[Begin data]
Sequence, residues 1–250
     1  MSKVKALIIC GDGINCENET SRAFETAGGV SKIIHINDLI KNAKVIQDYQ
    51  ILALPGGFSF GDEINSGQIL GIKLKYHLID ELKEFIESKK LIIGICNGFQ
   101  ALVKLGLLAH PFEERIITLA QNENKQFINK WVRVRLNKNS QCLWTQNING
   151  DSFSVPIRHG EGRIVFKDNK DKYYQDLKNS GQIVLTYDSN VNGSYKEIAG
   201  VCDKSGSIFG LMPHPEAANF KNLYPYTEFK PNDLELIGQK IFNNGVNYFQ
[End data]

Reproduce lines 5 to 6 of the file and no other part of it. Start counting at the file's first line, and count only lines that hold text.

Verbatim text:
   151  DSFSVPIRHG EGRIVFKDNK DKYYQDLKNS GQIVLTYDSN VNGSYKEIAG
   201  VCDKSGSIFG LMPHPEAANF KNLYPYTEFK PNDLELIGQK IFNNGVNYFQ